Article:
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Pastor of America's largest parish retires, with lots of (solo) shots at Catholic conservatives

Pastor of America's largest parish retires, with lots of (solo) shots at Catholic conservatives

A long time ago -- the early 1980s -- I wrote a front-page feature for The Charlotte Observer about life in the tiny Catholic Diocese of Charlotte. The news hook was an interview with the first bishop of what was, at that time, America's smallest diocese.

Things have changed in the Queen City, when it comes to Catholic life. In fact, if you follow news about American Catholicism you know that one of the most important stories is the explosion of Catholic statistics in the Bible Belt, including the Deep South and the Southeast. The rising Catholic tide in the Southwest is, to a large degree, linked with issues of immigration. That's a factor in the South, but the growth is also linked to large numbers of converts and transplants from the North.

Just the other day, Crux ran little story -- "In the U.S. South, the Church is in ‘growth mode’ " -- focusing on a meeting of bishops from the South. It noted:

“We are all in a growth mode. That’s a good thing,” Archbishop Wilton D. Gregory of Atlanta told the Diocese of Charleston’s newspaper The Catholic Miscellany.
“We are spending part of our time here talking about the need to establish new parishes, expand pastoral outreach, and respond to growing numbers both from immigration and those moving here from other parts of the country,” the archbishop continued. “We all are sharing in this growth.”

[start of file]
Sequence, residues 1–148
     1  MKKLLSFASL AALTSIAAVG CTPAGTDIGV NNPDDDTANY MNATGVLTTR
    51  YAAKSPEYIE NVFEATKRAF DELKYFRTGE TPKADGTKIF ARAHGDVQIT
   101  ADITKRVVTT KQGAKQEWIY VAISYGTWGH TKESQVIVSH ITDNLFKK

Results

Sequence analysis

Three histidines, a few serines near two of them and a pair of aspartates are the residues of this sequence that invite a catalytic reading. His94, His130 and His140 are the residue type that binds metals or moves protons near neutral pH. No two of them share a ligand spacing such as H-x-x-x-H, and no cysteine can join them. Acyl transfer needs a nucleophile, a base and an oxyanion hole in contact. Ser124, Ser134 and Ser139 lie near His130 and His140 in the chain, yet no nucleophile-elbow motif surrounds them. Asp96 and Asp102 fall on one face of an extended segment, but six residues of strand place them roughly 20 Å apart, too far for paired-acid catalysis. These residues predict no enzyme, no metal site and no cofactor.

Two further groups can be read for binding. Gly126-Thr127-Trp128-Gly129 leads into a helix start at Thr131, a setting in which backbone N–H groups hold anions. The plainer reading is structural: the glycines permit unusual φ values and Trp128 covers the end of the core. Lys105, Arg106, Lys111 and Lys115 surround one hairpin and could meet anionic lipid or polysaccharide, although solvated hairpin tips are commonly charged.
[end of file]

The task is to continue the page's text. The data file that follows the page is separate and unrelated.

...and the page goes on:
So, the Observer recently had a perfect opportunity to dig into some of these complex and important subjects.

The hook for this long story was the retirement of Msgr. John McSweeney, the senior priest at St. Matthew Catholic Church -- America's largest Catholic parish. To add to the symbolism, the lede notes that this New Yorker was the first priest ordained in the Charlotte diocese.

This is where things get interesting. This long, long piece is based on an interview with the outspoken McSweeney and, well, that is that. The bottom line: He is highly critical of many things that would be affirmed by traditional or even middle-of-the-road Catholics in the Bible Belt. As the Observer puts it, he believes the Catholic Church often puts the "Book of Law before the Book of Love."

Who gets to respond to his views on a litany of hot-button topics?

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